Beowulf

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Harold Bloom
Chelsea House, Jan 1, 2007 - Juvenile Nonfiction - 280 pages
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Composed about 1000 CE, Beowulf is the longest known poem written in Old English. Considered one of the great epics, the Anglo-Saxon saga relates the heroic deeds of the warrior Beowulf, who kills the man-eating monster Grendel and the monster s mother. Replete with monsters, quests, and acts of bravery and containing touches of Christian and pagan symbolism, Beowulf stands as the precursor to medieval and Renaissance literature. It also influenced J.R.R. Tolkien, and helped spawn the fantasy genre so popular today in literature and film. Arm students for immersion in the study of this mythic adventure with Bloom s Modern Critical Interpretations. Newly updated, Beowulf includes full-length, interpretive essays that provide expert commentary, as well as introductions, a chronology, notes on the contributors, and a bibliography.

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Contents

Succession and Glory in Beowulf
21
Locating Beowulf in Literary History
35
Grendels Glove
63
Copyright

6 other sections not shown

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About the author (2007)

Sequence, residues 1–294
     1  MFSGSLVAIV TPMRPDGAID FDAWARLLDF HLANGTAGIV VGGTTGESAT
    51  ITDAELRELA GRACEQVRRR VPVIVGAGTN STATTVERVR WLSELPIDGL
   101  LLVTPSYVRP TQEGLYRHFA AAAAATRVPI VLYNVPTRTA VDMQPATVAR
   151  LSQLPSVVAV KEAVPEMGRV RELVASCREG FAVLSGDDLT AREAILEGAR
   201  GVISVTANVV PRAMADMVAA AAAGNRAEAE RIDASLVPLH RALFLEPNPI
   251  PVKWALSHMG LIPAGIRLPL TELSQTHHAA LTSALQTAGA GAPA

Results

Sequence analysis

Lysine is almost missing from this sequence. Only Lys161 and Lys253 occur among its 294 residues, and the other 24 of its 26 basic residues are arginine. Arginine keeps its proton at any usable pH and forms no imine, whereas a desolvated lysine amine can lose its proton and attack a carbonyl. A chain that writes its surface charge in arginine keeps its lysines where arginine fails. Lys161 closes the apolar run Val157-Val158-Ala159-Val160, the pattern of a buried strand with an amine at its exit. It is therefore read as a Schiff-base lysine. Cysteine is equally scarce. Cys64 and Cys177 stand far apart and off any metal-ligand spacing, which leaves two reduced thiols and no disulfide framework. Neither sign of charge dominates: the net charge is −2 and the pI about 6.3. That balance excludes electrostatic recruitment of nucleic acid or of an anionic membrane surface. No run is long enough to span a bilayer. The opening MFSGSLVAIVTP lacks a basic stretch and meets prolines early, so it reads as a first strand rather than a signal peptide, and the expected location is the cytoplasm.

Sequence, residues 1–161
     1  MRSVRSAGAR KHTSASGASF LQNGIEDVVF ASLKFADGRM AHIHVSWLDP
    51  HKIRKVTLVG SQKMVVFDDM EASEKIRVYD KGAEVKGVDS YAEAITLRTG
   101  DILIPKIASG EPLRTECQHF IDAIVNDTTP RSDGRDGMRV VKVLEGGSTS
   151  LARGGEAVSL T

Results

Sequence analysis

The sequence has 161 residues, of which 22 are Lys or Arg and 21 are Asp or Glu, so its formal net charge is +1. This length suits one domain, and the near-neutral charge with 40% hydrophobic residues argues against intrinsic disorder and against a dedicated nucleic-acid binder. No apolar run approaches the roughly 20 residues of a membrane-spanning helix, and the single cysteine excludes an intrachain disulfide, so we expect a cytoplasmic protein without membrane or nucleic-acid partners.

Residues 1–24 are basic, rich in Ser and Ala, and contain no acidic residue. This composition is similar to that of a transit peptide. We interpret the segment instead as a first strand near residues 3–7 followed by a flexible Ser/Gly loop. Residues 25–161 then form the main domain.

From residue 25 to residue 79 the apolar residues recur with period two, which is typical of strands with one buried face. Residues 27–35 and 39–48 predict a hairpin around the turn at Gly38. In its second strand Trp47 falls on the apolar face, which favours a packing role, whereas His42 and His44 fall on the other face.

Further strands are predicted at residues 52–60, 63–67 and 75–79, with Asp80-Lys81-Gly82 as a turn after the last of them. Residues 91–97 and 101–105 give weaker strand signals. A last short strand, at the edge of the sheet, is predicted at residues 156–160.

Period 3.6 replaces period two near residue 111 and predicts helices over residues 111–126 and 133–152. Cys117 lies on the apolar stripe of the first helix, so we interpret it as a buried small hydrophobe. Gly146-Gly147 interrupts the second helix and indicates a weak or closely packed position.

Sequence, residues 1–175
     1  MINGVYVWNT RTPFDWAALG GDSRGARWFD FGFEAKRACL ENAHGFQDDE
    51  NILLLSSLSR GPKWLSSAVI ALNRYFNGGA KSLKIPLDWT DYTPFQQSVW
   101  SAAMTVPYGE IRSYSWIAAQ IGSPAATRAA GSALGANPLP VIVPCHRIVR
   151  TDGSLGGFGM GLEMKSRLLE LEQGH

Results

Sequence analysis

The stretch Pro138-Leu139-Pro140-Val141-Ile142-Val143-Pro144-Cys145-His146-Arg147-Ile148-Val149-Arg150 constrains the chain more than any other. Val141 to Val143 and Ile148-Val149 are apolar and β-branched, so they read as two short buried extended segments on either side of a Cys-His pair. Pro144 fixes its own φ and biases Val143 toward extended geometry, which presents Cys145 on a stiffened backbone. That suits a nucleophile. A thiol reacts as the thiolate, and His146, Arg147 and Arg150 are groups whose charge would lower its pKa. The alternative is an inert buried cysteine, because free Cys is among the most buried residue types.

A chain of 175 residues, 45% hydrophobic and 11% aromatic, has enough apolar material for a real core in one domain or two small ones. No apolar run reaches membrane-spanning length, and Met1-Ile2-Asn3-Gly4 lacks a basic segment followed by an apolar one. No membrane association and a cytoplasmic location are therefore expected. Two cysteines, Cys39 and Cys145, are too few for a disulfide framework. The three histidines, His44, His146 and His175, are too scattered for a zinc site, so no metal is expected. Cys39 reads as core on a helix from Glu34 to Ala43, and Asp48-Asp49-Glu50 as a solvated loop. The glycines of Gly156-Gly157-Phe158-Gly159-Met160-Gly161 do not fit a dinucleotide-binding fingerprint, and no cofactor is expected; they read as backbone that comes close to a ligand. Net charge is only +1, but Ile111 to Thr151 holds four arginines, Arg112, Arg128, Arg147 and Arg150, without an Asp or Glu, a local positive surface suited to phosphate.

Harold Bloom was born on July 11, 1930 in New York City. He earned his Bachelor of Arts from Cornell in 1951 and his Doctorate from Yale in 1955. After graduating from Yale, Bloom remained there as a teacher, and was made Sterling Professor of Humanities in 1983. Bloom's theories have changed the way that critics think of literary tradition and has also focused his attentions on history and the Bible. He has written over twenty books and edited countless others. He is one of the most famous critics in the world and considered an expert in many fields. In 2010 he became a founding patron of Ralston College, a new institution in Savannah, Georgia, that focuses on primary texts. His works include Fallen Angels, Till I End My Song: A Gathering of Last Poems, Anatomy of Influence: Literature as a Way of Life and The Shadow of a Great Rock: A Literary Appreciation of The King James Bible.

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